Golewala pleaded: “My command has crumbled after our defeat. I am not in communication with anybody. You do what you like, just spare us! You see, I am bleeding from my left eye- something or someone has hit me this morning. I understand, the Ceasefire is also around the corner. Can you please arrange to send a word to my wife in Lahore cantonment that I am safe?”

Hayde grinned and quipped, “Cheer up, damn it! Why the hell are you worried about your family only? Your letter recovered from your pocket [now preserved in the Jat Regimental Centre Museum at Bareilly] from your wife already says they are fine but there was panic among the people at Lahore who had started vacating the city. We are sending you all behind as POWs. Just follow our instructions and no mischief please!”

Col Jha also recounts the interaction of CO 3 Baluch Lt Col [later Maj Gen] Tajammul Hussain Malik with Lt Col Hayde when they met at Dograi in November to resolve a ceasefire violation incident. Lt Col Malik said, “We have to accept hard facts. Even 16 Punjab [Pak army], which later fought so well here at Dograi on 22nd September against your final assault just before the ceasefire, also lost to your attack. I can tell you that our two Battalions were one of the best ones in our Army but yet we lost to you! Of course, I cannot deny that your boys also fought so well and treated our boys well everywhere after their capture. We have to concede that.” After coordinating steps to be taken by both sides to maintain peace across the Ichogil Canal and in keeping with military traditions both the victor and vanquished shook hands and thereafter parted. 

Most poignant is Col Jha’s account regarding an injured Pakistani soldier at Dograi. He recalls- “At about midnight of 22/23 September, while under intense ear deafening bombardment, I heard a feeble voice, apparently in great pain, calling out “Ya Khudaa, raham kar” [Oh God, have mercy] from the dark shadows nearby. Due to the intermittent flashes of exploding munition and flares intermittently illuminating the night sky, I could make out his khaki uniform and it didn’t take me long to realise that he was an injured Pakistani soldier.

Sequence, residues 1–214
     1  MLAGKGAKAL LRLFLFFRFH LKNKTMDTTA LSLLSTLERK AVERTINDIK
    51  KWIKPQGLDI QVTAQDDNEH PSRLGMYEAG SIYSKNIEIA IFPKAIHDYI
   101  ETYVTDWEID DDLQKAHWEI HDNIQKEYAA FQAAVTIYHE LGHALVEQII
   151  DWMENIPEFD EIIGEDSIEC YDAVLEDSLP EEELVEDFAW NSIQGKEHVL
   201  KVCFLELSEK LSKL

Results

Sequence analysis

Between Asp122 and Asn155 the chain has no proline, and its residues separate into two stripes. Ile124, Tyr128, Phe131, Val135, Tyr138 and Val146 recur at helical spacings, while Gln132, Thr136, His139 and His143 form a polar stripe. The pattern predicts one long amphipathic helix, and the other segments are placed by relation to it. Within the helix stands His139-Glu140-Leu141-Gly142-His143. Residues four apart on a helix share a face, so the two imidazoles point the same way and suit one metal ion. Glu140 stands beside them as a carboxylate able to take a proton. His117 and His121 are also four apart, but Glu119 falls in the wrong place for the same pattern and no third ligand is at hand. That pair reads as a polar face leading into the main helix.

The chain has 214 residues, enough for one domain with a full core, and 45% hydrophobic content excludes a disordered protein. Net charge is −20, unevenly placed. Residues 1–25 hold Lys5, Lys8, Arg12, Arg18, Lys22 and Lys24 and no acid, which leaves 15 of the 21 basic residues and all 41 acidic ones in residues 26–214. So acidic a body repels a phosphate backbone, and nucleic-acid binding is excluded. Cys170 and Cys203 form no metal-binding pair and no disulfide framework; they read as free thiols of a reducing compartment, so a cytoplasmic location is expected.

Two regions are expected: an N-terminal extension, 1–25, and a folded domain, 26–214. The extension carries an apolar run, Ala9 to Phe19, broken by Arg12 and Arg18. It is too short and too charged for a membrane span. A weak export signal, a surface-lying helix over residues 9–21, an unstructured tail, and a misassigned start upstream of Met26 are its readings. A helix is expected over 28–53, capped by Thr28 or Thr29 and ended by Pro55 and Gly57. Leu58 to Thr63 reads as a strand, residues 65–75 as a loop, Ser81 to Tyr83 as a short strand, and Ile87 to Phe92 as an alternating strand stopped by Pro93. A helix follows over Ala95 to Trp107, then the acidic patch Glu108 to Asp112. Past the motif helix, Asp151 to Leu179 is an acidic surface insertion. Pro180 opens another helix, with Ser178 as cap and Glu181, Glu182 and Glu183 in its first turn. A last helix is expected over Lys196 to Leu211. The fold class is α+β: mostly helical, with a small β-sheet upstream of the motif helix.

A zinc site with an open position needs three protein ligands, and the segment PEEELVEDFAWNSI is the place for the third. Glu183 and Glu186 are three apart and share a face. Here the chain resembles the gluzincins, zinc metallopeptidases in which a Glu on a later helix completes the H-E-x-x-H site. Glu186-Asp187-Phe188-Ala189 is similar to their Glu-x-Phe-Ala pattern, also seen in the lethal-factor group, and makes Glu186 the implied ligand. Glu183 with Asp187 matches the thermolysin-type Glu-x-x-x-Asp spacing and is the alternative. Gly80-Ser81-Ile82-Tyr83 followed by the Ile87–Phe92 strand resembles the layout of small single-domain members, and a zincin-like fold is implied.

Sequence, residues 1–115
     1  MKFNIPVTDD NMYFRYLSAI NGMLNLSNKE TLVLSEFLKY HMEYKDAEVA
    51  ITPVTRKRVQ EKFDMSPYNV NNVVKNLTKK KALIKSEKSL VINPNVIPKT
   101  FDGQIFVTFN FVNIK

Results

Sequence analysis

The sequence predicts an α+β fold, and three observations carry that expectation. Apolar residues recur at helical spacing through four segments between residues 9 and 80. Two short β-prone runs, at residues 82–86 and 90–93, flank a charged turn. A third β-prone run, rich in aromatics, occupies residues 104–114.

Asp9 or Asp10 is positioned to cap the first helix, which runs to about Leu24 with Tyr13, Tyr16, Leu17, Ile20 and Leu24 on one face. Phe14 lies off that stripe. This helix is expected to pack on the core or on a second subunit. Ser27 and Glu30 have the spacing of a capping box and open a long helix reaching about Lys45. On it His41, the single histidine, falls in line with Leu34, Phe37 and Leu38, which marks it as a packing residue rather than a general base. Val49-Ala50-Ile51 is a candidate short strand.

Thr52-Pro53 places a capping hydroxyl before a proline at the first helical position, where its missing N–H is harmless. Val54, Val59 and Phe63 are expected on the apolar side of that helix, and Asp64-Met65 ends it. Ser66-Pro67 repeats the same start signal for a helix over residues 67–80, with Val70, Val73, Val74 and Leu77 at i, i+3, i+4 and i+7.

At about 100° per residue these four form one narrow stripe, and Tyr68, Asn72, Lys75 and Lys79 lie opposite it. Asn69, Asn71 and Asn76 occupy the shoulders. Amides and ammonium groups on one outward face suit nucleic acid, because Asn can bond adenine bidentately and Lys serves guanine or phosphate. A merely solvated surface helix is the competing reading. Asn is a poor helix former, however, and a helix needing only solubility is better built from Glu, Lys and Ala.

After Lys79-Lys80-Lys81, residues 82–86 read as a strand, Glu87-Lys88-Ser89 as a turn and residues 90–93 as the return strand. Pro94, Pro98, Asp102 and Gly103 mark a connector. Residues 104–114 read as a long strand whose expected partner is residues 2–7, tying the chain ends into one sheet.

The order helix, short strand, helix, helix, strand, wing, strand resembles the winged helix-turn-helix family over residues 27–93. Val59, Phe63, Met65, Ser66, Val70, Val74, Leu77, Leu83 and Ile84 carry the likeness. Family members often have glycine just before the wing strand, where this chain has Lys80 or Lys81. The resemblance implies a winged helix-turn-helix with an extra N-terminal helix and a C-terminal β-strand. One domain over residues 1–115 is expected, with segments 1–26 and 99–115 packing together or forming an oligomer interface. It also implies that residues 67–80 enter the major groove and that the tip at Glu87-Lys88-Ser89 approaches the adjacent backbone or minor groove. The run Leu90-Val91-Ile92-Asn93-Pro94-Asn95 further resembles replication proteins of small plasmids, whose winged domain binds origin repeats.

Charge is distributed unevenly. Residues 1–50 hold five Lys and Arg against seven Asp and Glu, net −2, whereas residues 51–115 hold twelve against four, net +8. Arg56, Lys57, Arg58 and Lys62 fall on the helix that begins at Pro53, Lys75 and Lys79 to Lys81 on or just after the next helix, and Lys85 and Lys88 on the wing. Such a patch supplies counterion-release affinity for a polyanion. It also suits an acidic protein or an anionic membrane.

“Naam?” [your name] I shouted, and he managed to blurt out “Mirbat Khan”. I dragged him to safety beside a house and saw that one of his legs was severed, apparently from an artillery shrapnel, and he was bleeding profusely. He kept asking for water repeatedly and I quenched his thirst from my water bottle, which was by now only half-filled.”

Col Jha goes on to recall that “in the short talk we had, he recounted having evaded capture by hiding in a house during our ‘mopping up’ operations and was trying to escape after nightfall when he was apparently hit by a Pakistani artillery shell shrapnel. We both lay under the intense canopy of Pakistani MMG fire and blasts sweeping the GT road at Dograi from across the Western bank of the Cana, till 0330 hours next morning when firing from both sides ceased with the UN sponsored ceasefire coming into force all along our Western front. Along with many others injured in that battle, Mirbat too was also evacuated that morning to the Military Hospital at Amritsar for treatment and care.”

Though he lost track of the injured Pakistani soldier with whom he had spent the night under fire, Col Jha is sanguine that with medical attention that he would have received in Military Hospital Amritsar and his dogged determination to live, Morbit would have survived and rejoined his family after the exchange of prisoners, consequent to Tashkent Peace Agreement signed between India and Pakistan on 10th January, 1966.


In retrospect, while Col Jha is saddened by the humongous loss of lives due to Pakistan army’s unprovoked aggression in 1965, he’s immensely proud of having participated in the epic Battle of Dograi, which shall forever remain a source of inspiration for men in uniform, the world over. While the entire rank and file of 3 Jat that fought at Dograi are heroes for him, Col Jha has a special word of praise and deep respect for CO 3 Jat late Lt Col Hayde, for having made this spectacular victory possible despite overwhelming odds through his innate tactical acumen, exceptional leadership qualities and most importantly, immaculate personal example. 

They say that a true leader is one “who knows the way, shows the way and goes the way,” and Lt Col Hayde perfectly fits this bill.

Nilesh Kunwar

Nilesh Kunwar is a retired Indian Army Officer who has served in Jammu & Kashmir, Assam, Nagaland and Manipur. He is a ‘Kashmir-Watcher,’ and now after retirement is pursuing his favorite hobby of writing for newspapers, journals and think tanks.